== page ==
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Friday, January 08, 2010

The Grey Squirrel

The Grey Squirrel gets a really bad press. It is blamed for the fall of the Red Squirrel and for eating the eggs of woodland birds.

Although I wish it wasn't here I have to accept it is and it is one of the first wild animals that many kids will see.

I was interested to read that a new survey from the British Trust for ornithology claims that the Grey does not have a significant impact on the populations of many of England's woodland bird species.

There is some evidence that grey squirrels may locally suppress the populations of some species but they do not appear to cause the birds any widespread or lasting harm.

The BTO's Dr Stewart Newson says:

Grey squirrels are very unlikely to have driven observed declines in woodland birds in recent years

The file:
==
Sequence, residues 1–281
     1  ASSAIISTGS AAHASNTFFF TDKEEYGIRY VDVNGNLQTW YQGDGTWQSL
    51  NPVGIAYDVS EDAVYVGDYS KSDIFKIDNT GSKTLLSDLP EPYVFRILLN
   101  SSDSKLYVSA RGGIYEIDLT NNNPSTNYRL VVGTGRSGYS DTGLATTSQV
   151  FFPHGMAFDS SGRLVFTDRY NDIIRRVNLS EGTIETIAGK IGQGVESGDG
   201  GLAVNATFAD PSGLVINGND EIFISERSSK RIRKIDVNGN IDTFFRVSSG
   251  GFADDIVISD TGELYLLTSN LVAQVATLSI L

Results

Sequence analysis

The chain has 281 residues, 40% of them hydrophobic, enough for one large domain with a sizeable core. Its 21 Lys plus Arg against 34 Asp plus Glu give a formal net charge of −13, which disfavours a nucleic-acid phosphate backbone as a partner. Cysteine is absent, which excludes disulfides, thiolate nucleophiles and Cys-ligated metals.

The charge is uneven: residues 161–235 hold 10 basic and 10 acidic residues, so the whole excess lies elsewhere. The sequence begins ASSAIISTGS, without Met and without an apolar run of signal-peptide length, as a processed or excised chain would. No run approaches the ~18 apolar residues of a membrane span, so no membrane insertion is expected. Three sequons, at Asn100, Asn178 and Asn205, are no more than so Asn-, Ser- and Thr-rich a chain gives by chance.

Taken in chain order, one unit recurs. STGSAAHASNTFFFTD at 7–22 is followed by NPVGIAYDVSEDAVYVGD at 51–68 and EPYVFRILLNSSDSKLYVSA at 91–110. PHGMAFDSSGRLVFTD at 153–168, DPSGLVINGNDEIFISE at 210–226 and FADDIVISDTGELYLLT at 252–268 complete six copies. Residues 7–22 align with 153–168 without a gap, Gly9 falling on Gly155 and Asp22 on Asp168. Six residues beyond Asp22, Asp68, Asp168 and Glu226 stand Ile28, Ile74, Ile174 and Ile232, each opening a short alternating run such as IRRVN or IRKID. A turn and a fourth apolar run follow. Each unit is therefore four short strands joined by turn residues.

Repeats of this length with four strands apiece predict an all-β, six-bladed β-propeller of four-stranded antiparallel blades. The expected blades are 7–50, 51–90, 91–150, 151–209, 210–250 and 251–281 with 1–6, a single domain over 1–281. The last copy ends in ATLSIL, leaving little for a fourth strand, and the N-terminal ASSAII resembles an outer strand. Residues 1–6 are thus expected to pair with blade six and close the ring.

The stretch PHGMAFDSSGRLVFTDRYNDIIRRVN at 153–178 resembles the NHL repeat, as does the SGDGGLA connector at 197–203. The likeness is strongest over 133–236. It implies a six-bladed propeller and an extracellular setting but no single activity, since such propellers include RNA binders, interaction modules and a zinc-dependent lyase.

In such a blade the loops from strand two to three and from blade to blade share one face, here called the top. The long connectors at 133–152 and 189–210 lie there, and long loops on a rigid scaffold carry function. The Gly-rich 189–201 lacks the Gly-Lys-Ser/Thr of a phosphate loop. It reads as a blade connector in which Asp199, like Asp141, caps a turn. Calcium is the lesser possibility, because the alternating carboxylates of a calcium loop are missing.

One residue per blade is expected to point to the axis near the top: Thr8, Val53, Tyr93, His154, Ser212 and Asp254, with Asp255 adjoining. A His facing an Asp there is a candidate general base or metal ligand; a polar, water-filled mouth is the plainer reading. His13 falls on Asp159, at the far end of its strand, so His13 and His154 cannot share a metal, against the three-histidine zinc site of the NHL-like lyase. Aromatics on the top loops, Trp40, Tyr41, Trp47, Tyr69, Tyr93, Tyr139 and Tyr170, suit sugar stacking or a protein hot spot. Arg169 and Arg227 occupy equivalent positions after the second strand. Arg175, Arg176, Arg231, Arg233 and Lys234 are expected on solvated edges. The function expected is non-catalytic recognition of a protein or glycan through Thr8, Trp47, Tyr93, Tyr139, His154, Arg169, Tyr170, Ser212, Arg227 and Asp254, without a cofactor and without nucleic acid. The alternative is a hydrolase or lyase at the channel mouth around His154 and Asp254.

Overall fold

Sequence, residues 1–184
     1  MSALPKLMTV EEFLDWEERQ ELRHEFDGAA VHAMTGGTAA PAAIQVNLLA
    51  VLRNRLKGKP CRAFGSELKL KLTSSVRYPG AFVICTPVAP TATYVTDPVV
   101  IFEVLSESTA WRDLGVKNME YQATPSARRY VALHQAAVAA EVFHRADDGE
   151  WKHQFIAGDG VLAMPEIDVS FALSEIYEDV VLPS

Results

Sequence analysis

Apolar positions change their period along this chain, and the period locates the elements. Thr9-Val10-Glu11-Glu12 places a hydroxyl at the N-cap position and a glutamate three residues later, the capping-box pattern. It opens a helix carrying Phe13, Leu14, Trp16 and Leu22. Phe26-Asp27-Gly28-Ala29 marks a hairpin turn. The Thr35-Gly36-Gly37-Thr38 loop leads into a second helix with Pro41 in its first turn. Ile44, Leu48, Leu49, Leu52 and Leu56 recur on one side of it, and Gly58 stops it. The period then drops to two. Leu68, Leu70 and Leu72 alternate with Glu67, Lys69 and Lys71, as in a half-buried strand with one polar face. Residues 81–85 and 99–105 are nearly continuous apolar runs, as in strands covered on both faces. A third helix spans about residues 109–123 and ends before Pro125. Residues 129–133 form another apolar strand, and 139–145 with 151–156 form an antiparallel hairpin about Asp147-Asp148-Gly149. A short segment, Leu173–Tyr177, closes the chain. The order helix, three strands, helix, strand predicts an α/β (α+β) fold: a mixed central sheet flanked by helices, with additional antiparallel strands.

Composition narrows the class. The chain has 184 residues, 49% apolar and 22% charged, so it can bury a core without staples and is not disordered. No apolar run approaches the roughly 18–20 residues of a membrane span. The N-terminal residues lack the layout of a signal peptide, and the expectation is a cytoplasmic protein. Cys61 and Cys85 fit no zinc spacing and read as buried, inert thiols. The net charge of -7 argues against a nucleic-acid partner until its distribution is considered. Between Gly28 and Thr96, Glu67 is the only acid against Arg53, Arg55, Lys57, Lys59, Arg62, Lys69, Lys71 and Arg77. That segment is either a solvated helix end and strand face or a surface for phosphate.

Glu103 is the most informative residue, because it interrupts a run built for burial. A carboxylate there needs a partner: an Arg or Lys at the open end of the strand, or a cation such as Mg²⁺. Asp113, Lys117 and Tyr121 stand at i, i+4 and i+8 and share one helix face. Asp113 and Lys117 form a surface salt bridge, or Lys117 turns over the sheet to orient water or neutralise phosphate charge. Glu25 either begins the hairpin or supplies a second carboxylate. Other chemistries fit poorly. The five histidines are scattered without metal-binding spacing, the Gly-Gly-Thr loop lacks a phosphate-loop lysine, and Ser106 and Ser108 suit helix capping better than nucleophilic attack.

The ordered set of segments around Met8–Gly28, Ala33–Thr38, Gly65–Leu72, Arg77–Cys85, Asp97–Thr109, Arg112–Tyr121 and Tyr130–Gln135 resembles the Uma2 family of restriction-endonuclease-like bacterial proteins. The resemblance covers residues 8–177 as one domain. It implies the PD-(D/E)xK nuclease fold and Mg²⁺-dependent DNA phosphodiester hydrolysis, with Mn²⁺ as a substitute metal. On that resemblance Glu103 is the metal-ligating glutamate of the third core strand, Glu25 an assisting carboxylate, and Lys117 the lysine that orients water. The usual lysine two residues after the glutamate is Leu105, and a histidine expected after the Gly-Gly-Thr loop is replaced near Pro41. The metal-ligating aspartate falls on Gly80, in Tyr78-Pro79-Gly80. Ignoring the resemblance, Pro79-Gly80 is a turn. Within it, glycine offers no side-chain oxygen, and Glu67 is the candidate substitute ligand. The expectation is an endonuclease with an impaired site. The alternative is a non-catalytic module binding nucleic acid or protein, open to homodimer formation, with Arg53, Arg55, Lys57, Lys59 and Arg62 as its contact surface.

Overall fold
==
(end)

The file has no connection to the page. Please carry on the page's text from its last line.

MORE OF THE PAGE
Of the 38 bird species, a statistically significant relationship between grey squirrel and bird population sizes was found for 12 species.

Of those, squirrels appeared to have a positive impact on seven bird species, a correlation probably caused by both mammal and bird species benefiting from similar changes to their habitat.

Grey squirrels had a negative impact on just five: the common blackbird, Eurasian collared dove, green woodpecker, long-tailed tit and Eurasian jay.

Of these species, the most convincing evidence is for blackbird and collared dove.


The Grey Squirrel may be predating on these two species but the overall number of blackbirds and collared doves has gone even where grey squirrels are common (the increase is greater where there are no Squirrels).

If you are keen to read more.

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